“I think it’s highly unlikely – in fact, no, I don’t think either party, if it were different from the president, would confirm a Supreme Court nominee in the middle of an election,” McConnell told radio host Hugh Hewitt.McConnell was asked if a GOP-controlled Senate would take the same tack in 2024 that it did in 2016, when they refused to give Merrick Garland, former President Obama’s final Supreme Court pick, a hearing or a vote on his nomination to fill the vacancy created by the death of Supreme Court Justice Antonin Scalia.Republicans subsequently confirmed Amy Coney Barrett, then-President Trump’s third Supreme Court nominee, in 2020, locking in a 6-3 conservative majority. The move, which sparked howls from Democrats, set a new record for how closely before a presidential election a Senate has confirmed a Supreme Court nominee.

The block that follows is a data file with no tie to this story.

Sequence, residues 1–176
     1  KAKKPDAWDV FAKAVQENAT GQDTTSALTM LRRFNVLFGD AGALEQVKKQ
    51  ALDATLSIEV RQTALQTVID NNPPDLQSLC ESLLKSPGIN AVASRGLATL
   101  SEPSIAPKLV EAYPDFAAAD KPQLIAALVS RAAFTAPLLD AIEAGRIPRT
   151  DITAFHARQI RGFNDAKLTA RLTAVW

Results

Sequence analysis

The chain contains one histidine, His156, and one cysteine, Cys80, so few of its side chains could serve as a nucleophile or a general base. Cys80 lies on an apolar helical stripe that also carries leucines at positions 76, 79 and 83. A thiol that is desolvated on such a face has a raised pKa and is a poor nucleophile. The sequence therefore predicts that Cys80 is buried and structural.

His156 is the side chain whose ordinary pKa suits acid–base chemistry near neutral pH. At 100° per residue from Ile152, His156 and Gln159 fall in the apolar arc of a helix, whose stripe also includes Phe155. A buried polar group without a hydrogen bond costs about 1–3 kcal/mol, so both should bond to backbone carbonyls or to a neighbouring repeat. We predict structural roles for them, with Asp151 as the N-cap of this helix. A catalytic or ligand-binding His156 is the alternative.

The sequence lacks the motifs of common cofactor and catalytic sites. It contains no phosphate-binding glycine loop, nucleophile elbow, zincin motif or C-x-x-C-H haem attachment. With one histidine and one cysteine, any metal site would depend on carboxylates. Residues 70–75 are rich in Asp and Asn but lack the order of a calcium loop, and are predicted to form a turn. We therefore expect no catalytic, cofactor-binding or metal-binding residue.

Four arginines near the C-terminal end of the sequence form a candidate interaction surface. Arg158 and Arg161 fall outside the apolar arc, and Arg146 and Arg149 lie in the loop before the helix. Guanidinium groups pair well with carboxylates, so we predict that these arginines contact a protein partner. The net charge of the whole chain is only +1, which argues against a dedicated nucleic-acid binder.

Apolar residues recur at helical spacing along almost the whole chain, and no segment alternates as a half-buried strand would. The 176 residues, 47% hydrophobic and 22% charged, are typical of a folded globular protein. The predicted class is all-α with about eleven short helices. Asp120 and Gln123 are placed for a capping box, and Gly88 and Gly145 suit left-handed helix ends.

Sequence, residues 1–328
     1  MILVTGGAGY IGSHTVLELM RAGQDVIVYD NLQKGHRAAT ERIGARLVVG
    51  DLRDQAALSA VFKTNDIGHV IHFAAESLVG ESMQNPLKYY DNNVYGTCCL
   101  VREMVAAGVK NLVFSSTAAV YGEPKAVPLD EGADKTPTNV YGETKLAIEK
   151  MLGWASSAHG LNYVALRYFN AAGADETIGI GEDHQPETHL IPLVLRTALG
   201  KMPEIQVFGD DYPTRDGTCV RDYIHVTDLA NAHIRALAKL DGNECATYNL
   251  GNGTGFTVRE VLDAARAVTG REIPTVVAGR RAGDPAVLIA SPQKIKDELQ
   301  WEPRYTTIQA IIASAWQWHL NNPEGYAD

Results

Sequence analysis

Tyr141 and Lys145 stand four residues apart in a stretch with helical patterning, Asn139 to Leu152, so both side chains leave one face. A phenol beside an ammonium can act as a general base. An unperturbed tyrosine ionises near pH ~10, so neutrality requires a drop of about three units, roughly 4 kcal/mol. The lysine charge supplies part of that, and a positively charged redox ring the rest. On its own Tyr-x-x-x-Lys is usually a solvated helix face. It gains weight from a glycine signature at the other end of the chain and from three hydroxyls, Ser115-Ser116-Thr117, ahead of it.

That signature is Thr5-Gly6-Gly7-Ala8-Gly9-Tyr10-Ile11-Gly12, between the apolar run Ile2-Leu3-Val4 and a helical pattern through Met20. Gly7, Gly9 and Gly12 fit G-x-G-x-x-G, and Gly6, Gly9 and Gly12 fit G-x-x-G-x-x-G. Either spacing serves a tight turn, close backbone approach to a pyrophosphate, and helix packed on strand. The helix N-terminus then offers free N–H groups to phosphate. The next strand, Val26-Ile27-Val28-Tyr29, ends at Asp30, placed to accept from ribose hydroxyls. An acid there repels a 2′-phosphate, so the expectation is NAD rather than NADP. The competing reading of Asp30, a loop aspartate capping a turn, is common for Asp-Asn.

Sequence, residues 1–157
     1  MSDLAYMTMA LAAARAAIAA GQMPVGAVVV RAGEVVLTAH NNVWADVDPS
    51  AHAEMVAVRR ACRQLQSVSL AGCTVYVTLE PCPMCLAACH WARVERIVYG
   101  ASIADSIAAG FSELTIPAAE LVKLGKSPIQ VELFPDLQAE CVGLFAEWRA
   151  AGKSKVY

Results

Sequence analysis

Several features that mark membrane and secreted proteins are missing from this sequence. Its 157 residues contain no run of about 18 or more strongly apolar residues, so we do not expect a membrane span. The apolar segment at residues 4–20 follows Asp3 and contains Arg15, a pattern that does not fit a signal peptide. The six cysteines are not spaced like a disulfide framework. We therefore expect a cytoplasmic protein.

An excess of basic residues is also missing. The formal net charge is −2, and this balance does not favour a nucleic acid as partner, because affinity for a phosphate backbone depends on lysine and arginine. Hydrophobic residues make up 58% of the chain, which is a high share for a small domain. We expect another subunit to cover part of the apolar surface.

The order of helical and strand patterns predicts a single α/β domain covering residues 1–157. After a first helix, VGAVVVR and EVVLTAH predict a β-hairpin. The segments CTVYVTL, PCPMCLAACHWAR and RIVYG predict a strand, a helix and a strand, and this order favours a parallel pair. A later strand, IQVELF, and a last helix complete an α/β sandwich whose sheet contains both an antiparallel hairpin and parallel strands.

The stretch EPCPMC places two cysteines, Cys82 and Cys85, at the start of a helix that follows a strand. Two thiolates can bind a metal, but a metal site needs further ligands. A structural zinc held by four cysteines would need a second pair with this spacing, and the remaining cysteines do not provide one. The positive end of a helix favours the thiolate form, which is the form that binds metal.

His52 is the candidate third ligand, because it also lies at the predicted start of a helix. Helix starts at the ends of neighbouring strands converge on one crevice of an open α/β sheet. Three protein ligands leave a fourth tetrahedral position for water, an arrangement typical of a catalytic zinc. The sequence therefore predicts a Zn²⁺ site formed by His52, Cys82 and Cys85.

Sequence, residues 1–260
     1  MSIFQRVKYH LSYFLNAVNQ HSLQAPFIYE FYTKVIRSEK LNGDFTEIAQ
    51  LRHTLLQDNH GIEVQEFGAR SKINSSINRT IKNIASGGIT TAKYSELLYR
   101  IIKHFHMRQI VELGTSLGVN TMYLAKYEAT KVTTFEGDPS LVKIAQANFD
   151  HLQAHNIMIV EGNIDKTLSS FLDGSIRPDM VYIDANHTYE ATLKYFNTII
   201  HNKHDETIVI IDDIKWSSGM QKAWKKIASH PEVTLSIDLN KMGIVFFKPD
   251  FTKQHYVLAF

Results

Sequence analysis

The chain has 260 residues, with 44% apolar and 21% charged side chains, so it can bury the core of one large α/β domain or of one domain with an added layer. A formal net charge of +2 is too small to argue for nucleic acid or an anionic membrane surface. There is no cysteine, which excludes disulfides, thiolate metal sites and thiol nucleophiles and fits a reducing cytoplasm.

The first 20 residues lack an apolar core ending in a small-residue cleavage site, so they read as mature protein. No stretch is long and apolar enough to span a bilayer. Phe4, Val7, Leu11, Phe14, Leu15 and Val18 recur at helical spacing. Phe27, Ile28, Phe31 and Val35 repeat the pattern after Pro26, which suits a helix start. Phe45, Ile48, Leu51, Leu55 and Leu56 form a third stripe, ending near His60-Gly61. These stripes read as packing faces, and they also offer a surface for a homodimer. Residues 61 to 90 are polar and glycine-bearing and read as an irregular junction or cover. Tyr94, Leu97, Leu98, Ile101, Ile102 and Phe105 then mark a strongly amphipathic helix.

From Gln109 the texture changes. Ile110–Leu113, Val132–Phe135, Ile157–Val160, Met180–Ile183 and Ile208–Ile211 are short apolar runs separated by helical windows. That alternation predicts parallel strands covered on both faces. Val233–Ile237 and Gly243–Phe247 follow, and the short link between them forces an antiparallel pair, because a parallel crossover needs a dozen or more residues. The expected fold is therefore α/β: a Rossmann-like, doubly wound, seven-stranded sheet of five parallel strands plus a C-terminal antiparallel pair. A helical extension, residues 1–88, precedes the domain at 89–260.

McConnell declined to say what Republicans would do if a justice stepped down in mid-2023 and Republican controlled the Senate. “We’ll have to wait and see what happens,” McConnell said, asked by Hewitt if the nominee would get a fair shot.
Stated plainly, Mitch McConnell never will allow a Democratic president to successfully nominate a justice to the Supreme Court as long as he has the power to block it. And I guarantee you that whoever succeeds him as Senate Republican leader will not, either. The Republican Party’s war on the American democratic republic is now declared and open. This is saying the loud part out loud.
There are only three options remaining that I can see:
1. Nuke the filibuster immediately.
2. A completely improbable and massive Democratic sweep in the 2022 midterms.
3. Nuke the Senate.